The barista was cool in the way all cool baristas are cool— that is, somewhere between extremely and exhaustingly so: tattoos, piercings, prestigious and prodigious disaffection, artisanal blood pumping lackadaisically through his body.
And there I was: second in line, profoundly uncool, and suddenly very self-conscious. My tattoo-free arms; my clean-shaven face; my T-shirt, which wasn’t vintage, just old and ratty, a freebie from a 5K run in two-thousand-like-three. Worst of all, I was wearing those dorky rubber clogs that no self-respecting adult not working in a kitchen has any business wearing in public. Maybe he won’t notice them, I hoped, pathetically.
Clearly, I belonged at Starbucks.
The girl ahead of me in line was all teenage pep and, I would soon learn, familial good will. She fit the scene about as well as I did.
“Hi! I’ll have a sixteen-ounce cappuccino to go, please!”
Just so you know what kind of narrator you’re dealing with here: I, too, probably cringed at the order.
“I make cappuccinos in the traditional six-ounce size”— the pause here so long I thought maybe he’d fallen asleep from boredom—“or, if you insist, I’ll make it eight ounces.”
She seemed surprised but undaunted.
“It’s for my mom,” she apologized. “I don’t know. I think that’s what she said.”
“Then you’ll have to tell her I don’t make cappuccinos to go.” Having recently been served a cappuccino in a paper cup across town, part of me was relieved at this declaration, even as another part of me felt bad for the girl. She was just trying to help her mom get some morning coffee. Is it really that demeaning to—
Before I could fully consider how easy it would be to make the drink, I heard the girl acquiescing to the barista’s suggestion of a sixteen-ounce latte.
“And you probably want vanilla in there,” he added.
I half-expected him to say he accepted only Yemeni and Ethiopian currencies, but he said nothing. And she, reticent now herself, put her card, dutifully, into the chip reader.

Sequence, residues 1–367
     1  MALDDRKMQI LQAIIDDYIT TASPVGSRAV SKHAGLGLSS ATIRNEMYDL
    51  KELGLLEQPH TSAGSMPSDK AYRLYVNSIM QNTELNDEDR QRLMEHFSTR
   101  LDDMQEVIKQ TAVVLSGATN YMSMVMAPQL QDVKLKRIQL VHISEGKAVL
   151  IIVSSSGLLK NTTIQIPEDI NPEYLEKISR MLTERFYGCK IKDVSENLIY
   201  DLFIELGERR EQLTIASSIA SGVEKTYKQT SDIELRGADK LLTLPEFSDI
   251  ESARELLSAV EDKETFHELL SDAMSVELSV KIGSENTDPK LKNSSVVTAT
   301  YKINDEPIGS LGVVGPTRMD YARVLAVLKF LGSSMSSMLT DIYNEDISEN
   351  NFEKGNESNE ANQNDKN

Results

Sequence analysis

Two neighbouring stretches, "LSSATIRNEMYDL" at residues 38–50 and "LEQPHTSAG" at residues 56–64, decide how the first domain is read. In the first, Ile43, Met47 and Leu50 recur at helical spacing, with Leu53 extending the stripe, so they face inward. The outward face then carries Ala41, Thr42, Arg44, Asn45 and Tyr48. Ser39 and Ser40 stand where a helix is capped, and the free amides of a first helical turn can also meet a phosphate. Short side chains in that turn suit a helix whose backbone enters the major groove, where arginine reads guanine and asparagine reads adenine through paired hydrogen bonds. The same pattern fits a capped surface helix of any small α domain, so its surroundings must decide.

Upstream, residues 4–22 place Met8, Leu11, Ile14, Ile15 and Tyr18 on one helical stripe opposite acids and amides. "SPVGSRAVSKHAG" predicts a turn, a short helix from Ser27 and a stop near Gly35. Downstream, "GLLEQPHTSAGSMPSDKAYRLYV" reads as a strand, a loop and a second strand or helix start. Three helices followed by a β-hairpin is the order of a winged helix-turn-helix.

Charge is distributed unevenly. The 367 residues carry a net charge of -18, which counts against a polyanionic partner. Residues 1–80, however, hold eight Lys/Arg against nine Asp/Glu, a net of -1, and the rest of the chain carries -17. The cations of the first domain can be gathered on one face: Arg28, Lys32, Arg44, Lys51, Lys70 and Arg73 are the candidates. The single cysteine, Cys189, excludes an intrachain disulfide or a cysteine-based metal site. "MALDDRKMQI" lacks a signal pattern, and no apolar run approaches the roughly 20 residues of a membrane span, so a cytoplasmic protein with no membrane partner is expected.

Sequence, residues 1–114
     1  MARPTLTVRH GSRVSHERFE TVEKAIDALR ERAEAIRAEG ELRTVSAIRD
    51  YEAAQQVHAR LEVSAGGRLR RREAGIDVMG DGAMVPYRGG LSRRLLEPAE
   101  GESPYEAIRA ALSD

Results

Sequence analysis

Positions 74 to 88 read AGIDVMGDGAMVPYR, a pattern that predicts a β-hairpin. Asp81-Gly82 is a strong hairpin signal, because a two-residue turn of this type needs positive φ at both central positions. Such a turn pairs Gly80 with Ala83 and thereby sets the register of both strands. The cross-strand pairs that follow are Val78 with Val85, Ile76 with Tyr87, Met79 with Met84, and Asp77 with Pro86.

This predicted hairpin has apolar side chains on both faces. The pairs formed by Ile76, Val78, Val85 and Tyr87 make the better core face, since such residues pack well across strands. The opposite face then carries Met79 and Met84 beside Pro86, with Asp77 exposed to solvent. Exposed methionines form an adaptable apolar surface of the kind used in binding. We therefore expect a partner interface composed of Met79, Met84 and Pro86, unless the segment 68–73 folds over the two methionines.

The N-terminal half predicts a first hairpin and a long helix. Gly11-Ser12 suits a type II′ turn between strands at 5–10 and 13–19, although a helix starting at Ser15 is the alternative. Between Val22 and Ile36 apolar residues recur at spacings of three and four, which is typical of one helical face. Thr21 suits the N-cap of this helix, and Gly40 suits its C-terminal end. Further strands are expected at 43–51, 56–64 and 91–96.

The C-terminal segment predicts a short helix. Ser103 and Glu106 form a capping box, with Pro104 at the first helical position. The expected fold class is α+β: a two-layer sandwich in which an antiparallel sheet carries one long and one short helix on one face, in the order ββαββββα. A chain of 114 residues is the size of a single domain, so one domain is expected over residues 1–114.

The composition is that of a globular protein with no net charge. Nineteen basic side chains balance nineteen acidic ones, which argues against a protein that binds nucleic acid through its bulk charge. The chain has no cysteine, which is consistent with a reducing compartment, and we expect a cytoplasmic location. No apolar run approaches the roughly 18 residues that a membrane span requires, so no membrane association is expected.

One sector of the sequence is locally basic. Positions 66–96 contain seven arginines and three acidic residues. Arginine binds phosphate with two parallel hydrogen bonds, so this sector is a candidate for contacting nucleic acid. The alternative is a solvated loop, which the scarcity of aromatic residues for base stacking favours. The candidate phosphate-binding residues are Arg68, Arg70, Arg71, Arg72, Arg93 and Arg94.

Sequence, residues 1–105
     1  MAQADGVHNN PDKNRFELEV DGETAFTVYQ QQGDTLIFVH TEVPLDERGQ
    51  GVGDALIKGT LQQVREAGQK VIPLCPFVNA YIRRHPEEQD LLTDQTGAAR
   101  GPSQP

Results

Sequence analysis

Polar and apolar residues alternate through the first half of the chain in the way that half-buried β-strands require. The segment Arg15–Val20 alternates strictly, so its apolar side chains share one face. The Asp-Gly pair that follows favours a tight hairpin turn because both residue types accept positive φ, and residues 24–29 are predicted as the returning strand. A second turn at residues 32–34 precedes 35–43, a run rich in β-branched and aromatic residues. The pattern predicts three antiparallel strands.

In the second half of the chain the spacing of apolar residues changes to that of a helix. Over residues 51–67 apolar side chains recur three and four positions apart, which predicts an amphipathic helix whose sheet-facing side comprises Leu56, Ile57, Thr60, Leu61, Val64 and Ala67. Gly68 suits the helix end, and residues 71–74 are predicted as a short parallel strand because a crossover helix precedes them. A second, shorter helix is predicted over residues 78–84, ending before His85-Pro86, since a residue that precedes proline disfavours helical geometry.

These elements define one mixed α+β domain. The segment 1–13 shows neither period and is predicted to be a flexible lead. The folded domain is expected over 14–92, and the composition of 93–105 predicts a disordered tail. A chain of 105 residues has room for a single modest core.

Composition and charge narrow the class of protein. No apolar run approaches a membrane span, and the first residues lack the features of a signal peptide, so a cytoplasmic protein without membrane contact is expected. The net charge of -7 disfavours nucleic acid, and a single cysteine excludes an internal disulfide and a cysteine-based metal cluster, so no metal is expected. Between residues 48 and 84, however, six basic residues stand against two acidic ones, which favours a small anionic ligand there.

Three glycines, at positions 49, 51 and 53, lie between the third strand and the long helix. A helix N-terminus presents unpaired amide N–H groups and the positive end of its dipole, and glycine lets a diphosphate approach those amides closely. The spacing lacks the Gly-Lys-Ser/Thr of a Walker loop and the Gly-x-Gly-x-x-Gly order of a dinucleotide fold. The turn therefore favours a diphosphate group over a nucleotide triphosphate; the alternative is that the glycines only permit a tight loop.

Approximately half an hour later, when the barista was finished pulling the shots and steaming the milk and scraping the vanilla seeds from their pods, he put the paper cup on the counter without a word and meandered over to the register.
The girl’s mother had joined her by then.
“I got you something different,” the girl said, handing her mother the cup.
I felt some relief at the girl’s resilience. She wouldn’t be shamed by her encounter. No, she was strong enough to withstand this cultural initiation. She would go forth and one day not too far off discover for herself the pleasure of a good cappuccino served in a porcelain cup. She would live a wonderful life.
Did she smile at the barista as she left? She might have. It was my turn to order. I stepped up to the counter, trying to summon confidence in my moderate knowledge of coffee, trying to convince myself I was equal to the moment.
The barista raised his eyebrows by way of taking my order. And with that gesture all my uncool came flaring up. Suddenly I was all rubber clogs and cargo shorts.
The eyebrows, still aloft, had transitioned from the neutral “What can I get you?” to the put-upon “Who are these people?”
Eventually gathering myself (relatively speaking), I nodded toward the door the girl had just passed through and said, “I’ll have what she’s having.”
*Story may be distorted (exaggerated) by author’s completely understandable tendency to dramatize.